The Washington Post was angry.
Its reporters and editors believed they had been stonewalled by the 1992 Bill Clinton Presidential campaign.
And now that he had been elected President, they wanted access to a treasury of documents relating to potential irregularities in Whitewater and a gubernatorial campaign.
David Gergen, a conservative adviser to Republican Presidents Richard Nixon, Gerald Ford and Ronald Reagan, had been hired by Clinton in 1993 to provide a counterbalancing perspective to his liberal team members.
Gergen had served in the Nixon White House during Watergate. He knew firsthand the political dangers of stonewalling–or merely appearing to stonewall.
So he advised Clinton: Give the Post the documents. Yes, it will be temporarily embarrassing. But in a little while the bad stories will blow over and you can get on with the job.
If you don’t hand over the documents, you’ll look like you’re hiding something. The press will raise a stink. The Republicans will demand a Special Prosecutor. And there will be no end to it.
Clinton agreed with Gergen. But there was a catch: He didn’t feel he could make the decision alone. Hillary had been a partner in the Whitewater land transactions.
“You’ll have to speak to Hillary and get her agreement,” he told Gergen. “If she agrees, we’ll do it.”
Gergen promised to see her.
Two days later, Gergen called Hillary Clinton’s office and asked for an appointment.
“We’ll get back to you,” her secretary promised.
Hillary never did. Finally, two weeks after the canceled December 10 meeting with the Clintons, Gergen got the news he had been dreading: Bruce Lindsay, Clinton’s trusted adviser, would deliver a one-paragraph letter to the Post, essentially saying; “Screw you.”
Events quickly unfolded exactly as Gergen had predicted:
- The Post’s executive editor, Leonard Downie, called the White House: “Nothing personal, but we’re going to pursue this story relentlessly.”
- The New York Times and Newsweek–among other news outlets–joined the journalistic investigation.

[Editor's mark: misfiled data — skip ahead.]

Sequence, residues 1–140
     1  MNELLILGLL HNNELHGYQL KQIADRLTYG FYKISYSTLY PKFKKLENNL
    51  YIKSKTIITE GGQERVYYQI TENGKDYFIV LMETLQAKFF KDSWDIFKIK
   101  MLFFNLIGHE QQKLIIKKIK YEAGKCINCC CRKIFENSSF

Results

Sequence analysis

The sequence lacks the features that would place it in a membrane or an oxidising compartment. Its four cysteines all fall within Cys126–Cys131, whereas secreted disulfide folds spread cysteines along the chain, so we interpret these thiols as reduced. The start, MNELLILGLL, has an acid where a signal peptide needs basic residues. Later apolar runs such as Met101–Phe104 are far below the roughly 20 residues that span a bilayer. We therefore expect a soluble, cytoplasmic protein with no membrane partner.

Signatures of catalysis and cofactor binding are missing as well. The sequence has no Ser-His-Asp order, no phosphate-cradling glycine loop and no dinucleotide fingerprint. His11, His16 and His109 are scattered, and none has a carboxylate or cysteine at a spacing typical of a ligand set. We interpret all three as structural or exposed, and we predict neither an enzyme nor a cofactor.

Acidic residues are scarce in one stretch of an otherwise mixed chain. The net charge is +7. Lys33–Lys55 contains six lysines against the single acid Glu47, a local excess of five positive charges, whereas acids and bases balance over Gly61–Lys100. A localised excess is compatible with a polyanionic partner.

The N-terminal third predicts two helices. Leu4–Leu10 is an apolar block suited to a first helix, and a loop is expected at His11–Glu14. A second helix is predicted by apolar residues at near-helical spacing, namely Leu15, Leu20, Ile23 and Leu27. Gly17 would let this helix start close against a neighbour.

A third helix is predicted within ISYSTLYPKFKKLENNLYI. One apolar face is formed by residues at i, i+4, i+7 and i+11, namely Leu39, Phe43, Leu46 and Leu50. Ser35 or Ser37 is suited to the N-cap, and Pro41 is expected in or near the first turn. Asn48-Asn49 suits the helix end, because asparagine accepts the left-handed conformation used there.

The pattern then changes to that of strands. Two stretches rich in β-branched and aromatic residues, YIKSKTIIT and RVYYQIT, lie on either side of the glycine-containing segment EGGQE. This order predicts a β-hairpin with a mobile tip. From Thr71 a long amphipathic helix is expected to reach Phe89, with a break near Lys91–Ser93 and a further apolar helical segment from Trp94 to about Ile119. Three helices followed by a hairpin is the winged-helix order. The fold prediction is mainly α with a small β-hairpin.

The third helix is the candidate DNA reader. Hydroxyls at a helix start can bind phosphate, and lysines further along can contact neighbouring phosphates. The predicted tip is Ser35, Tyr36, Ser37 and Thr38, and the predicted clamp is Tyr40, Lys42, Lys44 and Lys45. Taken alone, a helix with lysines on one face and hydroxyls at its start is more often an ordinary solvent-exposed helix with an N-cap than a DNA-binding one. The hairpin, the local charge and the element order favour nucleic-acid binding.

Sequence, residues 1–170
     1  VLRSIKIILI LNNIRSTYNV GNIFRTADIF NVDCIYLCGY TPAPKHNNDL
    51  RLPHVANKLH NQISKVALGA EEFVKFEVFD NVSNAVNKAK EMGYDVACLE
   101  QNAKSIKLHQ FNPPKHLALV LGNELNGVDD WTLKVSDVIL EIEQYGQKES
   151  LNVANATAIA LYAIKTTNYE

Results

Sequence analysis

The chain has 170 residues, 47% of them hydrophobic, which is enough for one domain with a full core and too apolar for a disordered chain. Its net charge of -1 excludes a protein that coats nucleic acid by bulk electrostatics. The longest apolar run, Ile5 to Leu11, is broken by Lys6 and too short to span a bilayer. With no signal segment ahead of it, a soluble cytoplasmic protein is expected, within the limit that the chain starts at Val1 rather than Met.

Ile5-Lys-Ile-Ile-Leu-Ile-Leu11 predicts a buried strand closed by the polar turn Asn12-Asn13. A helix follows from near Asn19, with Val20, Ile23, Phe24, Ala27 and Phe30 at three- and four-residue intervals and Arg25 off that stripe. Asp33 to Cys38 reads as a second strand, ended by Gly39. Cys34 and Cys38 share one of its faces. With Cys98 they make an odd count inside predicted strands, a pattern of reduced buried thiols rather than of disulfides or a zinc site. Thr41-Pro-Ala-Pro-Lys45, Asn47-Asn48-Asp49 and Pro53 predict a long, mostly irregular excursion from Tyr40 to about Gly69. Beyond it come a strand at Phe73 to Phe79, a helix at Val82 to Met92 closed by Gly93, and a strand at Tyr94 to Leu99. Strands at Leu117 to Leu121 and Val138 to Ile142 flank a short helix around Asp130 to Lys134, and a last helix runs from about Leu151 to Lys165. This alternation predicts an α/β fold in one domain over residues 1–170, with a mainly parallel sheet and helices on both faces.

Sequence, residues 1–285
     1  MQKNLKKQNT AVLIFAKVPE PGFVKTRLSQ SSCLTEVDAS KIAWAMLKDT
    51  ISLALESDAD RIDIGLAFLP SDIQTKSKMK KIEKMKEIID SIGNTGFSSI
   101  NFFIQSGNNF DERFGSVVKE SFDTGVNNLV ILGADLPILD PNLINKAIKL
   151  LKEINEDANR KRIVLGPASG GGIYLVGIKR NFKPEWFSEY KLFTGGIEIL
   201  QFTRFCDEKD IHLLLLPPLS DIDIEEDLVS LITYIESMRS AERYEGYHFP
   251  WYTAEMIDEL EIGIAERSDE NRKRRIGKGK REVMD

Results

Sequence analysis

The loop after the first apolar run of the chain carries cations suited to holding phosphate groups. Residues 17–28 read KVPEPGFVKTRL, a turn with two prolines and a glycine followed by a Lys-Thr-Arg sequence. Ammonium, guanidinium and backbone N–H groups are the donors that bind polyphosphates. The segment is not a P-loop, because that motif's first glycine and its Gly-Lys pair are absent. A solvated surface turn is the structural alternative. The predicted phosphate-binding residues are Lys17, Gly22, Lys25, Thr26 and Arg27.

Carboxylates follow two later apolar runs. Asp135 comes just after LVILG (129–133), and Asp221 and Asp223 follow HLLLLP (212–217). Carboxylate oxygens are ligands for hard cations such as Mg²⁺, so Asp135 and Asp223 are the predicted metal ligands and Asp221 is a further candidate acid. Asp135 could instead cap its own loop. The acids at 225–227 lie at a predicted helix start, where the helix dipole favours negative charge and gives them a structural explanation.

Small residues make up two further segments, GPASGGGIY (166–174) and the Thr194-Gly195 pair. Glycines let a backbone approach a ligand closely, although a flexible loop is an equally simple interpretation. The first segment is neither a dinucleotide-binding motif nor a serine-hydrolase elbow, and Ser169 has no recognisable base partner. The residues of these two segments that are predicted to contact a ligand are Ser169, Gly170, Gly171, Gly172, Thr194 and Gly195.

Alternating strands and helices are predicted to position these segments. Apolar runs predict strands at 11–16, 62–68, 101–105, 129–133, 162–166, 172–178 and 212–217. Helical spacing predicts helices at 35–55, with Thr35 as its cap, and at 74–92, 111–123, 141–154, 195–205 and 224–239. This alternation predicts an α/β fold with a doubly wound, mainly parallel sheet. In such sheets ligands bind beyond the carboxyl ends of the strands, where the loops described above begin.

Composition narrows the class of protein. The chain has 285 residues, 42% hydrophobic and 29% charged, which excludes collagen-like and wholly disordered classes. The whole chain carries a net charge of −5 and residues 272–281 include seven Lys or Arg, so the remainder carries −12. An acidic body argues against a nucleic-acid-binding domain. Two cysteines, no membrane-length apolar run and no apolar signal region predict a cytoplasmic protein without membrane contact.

- Coverage of Whitewater intensified.
- Republicans began demanding that Attorney General Janet Reno appoint an independent counsel.
- On January 20, 1994–exactly a year after Clinton took the oath as President–Edward Fiske, a former federal prosecutor, was named independent counsel.
- In August, Fiske was dismissed by a Federal judge who considered him too liberal and replaced with Kenneth Starr, a former solicitor general and federal appeals court judge.
- Starr unearthed Clinton’s salacious affair with White House intern Monica Lewinsky, which culminated in an unsuccessful Republican impeachment attempt in 1998.
- Starr resigned in 1999, and was replaced by Robert W. Ray.
- The investigation continued until 2002, but no criminal charges were ever filed against either Clinton.
In his 2001 book, Eyewitness to Power, Gergen summarizes the meaning of this episode:
If the Clintons had turned over the Whitewater documents to the Washington Post in December 1993, their history–and that of the United States–would have been entirely different.
Disclosure would have brought embarrassing revelations–such as Hillary’s investment in commodity futures.
“But we know today that nothing in those documents constituted a case for criminal prosecution of either one of the Clintons in their Whitewater land dealings…
“Edward Fiske and Kenneth Starr would never have arrived on the scene, we might never have heard of Monica Lewinsky (who had nothing to do with the original Whitewater matter) and there would have been no impeachment.
“The country would have been spared that travail, and the President himself could have had a highly productive second term.”
Gergen blames President Clinton rather than Hillary for refusing to disclose the documents. Voters elected him–not her–to run the government. He–not she–ultimately bears the responsibility.
Still, his comments about Hillary are telling, considering:
- That she is likely to win election to the White House this November; and
- That she continues to reflexively stonewall instead of opt for transparency when facing questions.
As Gergen puts it: “She should have said yes [to disclosure] from the beginning, accepting short-term embarrassment in exchange for long-term protection of both herself and her husband.
“She listened too easily to the lawyers and to her own instincts as a litigator, instincts that told her never to give an inch to the other side. Whitewater was always more a political than a legal problem.”
The same might be said of her lingering credibility problem with the use of a private email server as Secretary of State.
Both of her predecessors, Colin Powell and Condoleeza Rice, used private servers, and neither has been subjected to Republican inquisition.
She could have easily avoided the turmoil that has dogged her for years by simply admitting at the outset: “Yes, I used a private server–just like my two Republican predecessors did. Everyone knows government servers are compromised.”
Instead, she fell back on Nixonian stonewalling tactics–which proved fatal to Richard Nixon and almost fatal to her husband.
This is, in short, a woman who has learned nothing from the past–her own nor that of her husband.
It’s a safe bet that as President Hillary Clinton will continue to stonewall over matters whose disclosure is embarrassing only in the short-term–thus jeopardizing her tenure as Chief Executive.